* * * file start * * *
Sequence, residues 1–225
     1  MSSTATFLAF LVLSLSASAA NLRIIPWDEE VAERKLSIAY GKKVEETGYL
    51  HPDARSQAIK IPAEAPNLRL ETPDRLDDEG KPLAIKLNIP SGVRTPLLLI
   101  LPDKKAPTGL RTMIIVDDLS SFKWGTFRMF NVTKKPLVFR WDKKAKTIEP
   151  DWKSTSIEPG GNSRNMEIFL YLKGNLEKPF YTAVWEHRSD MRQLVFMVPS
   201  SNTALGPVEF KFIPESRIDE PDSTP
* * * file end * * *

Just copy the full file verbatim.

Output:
Sequence, residues 1–225
     1  MSSTATFLAF LVLSLSASAA NLRIIPWDEE VAERKLSIAY GKKVEETGYL
    51  HPDARSQAIK IPAEAPNLRL ETPDRLDDEG KPLAIKLNIP SGVRTPLLLI
   101  LPDKKAPTGL RTMIIVDDLS SFKWGTFRMF NVTKKPLVFR WDKKAKTIEP
   151  DWKSTSIEPG GNSRNMEIFL YLKGNLEKPF YTAVWEHRSD MRQLVFMVPS
   201  SNTALGPVEF KFIPESRIDE PDSTP